Livestock And Products Annual Report

It is expected that the EU cattle herd will continue to decline in numbers, as land, feed and energy costs continue to increase. Smaller farms are abandoning the sector, allowing larger farms to expand, according to the USDA Foreign Agricultural Service.
calendar icon 30 November 2009
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USDA Foreign Agricultural Service

Animal Numbers, Cattle (1,000 Head)
. USDA Official
Posts estimates
USDA Official
Posts estimates
USDA Official
Posts estimates
Market Year
Total Cattle Beg. Stocks 89,043 89,043 89,402 88,945 0 88,630
Dairy Cows Beg. Stocks 24,177 24,176 24,250 24,240 0 23,900
Dairy Cows Beg. Stocks 24,177 24,176 24,250 24,240 0 23,900
Beef Cows Beg. Stocks 12,488 12,445 12,450 12,240 0 12,220
Production (Calf Crop) 31,250 31,000 31,050 30,600 0 30,300
Extra EU27 imports 4 4 4 4 0 4
TOTAL SUPPLY 120,297 120,047 120,456 119,549 0 118,934
Extra EU27 exports 459 376a 450 350 0 350
Cow Slaughter 7,715 7,808 7,850 7,750 0 7,750
Cow Slaughter 5,675 5,804 5,850 5,750 0 5,700
Total Slaughter 28,750 28,919 29,150 28,800 0 28,600
Loss 1,686 1,807 1,656 1,769 0 1,734
Ending Inventories 89,402 88,945 89,200 88,630 0 88,250
TOTAL DISTRIBUTION 120,297 120,047 120,456 119,549 0 118,934
Source: FAS EU Offices. (a) Cattle export number is lower than official WTA number due to incorrect reporting of exports of 83,000 head of cattle from Spain to Morocco.

Summary 2007-2008

During 2007 and 2008, the long term trend of contraction of the cattle herd was temporally halted mainly as a result of the high beef and milk prices. The high beef prices caused a peak calf crop in 2007, while the high milk prices induced farmers to hold to their dairy cattle by which slaughter was reduced.

During the last quarter of 2008, however, milk prices plummeted, reflected in the reduced prices for milk cows. The reduced milk prices, in combination with relatively high carcase prices, elevated cow slaughter. Another factor which triggered farmers to slaughter their cattle was the high feed prices. Increased slaughtering mainly took place in France, Germany, the Iberian Peninsula, and the New Member States (NMS). This peak slaughtering of cows and other cattle took place at an earlier stage than anticipated in the Semi-Annual Livestock Report (E49019).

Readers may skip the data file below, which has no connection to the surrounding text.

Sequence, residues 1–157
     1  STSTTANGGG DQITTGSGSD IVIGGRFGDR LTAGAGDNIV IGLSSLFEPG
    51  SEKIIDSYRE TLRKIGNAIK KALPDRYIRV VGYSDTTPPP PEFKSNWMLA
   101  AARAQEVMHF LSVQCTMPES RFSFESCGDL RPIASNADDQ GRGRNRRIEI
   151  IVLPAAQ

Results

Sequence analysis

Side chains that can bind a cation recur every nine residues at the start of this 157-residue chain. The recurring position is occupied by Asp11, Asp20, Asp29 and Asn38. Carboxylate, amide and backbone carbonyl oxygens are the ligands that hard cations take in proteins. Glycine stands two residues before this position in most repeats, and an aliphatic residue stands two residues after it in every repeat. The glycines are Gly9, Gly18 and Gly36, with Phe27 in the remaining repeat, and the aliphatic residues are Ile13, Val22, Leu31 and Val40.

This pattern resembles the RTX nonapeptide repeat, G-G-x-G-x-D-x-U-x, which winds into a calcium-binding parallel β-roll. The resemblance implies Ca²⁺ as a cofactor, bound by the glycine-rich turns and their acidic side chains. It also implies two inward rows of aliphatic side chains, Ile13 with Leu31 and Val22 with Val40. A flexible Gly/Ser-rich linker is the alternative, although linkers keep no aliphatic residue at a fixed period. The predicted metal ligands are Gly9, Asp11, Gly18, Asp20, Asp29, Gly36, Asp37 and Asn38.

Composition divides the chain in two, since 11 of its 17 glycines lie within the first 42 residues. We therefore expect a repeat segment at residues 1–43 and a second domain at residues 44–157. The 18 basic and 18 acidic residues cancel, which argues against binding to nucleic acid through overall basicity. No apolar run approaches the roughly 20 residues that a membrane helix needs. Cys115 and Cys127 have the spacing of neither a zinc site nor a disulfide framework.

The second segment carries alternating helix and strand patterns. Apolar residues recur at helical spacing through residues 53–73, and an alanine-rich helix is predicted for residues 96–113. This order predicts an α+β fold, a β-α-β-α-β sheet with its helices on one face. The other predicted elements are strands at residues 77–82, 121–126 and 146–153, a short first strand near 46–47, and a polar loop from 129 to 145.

Forecast 2009-2010

After the temporary peak in 2008, the EU cattle herd is forecast to resume its long term trend of contraction. This trend is mainly a result of increasing costs for land, feed and energy, lagging beef and milk prices, and restricted government support.

After a reduction of 1.6 per cent in 2008, the calf crop is expected to decline 1.3 per cent in 2009 and 1 per cent in 2010. During 2009 and 2010, major reductions are forecast in Germany, Italy, France and Romania.

Throughout the EU, the smaller farms with only a few cows are abandoning the sector, while the biggest and most efficient farms are expanding.

Due to the plummeting milk prices, the dairy herd is expected to be cut by 1.4 per cent, with cuts throughout the EU, except in Denmark and Poland. The lower milk prices are also expected to have a downward effect on the calf/cow ratio, while the cattle loss will be lower due to the fading effect of bluetongue disease.

The beef cow herd is expected to shrink only 0.15 per cent during 2009. Carcase prices are supported by the limited beef supply from Brazil, which benefitted beef intra-trade, and beef export opportunities to Switzerland and Russia.

While the calf crop and cattle herd is expected to shrink in most Member States, a recovery of the calf crop is projected in Poland and the Iberian Peninsula. In Poland, cattle inventories are expected to increase due to higher dairy quota and continuing export demand for beef. In Spain and Portugal the crop is expected to recover slightly after been heavily affected by the high feed prices during 2008. With the lower calf crop, EU calf slaughter will decline during 2009 and 2010. The slaughter of cows is expected to stabilize after the peak slaughter in 2008. An exception is France, where the peak slaughter is forecast to take place in 2009.

EU cattle exports are expected to decline due to the financial crisis and veterinary barriers, still in place after the spread of bluetongue disease. During 2009 and 2010, the EU cattle stock is projected to fall from 88.9 million head to 88.3 million head.

Table 1: Calf crop production (Top 5 EU member states) 1,000 Head
. 2008 2009 2010
France 6,500 6,550 6,440
Germany 4,685 4,410 4,305
United Kingdom 2,857 2,839 2,820
Italy 2,748 2,700 2,600
Benelux 2,148 2,191 2,185
Benelux: Belgium, the Netherlands and Luxembourg are treated as one market

Table 2: Cattle slaughter (Top 5 EU member states) 1,000 Head
. 2008 2009 2010
France 5,135 5,270 5,300
Italy 3,833 3,750 3,700
Germany 3,851 3,700 3,650
Benelux 2,764 2,705 2,680
United Kingdom 2,587 2,494 2,400

EU disease situation

The bluetongue disease situation in the EU continues to evolve. In the autumn of 2008, the various bluetongue virus types have continued their geographical spread in Europe.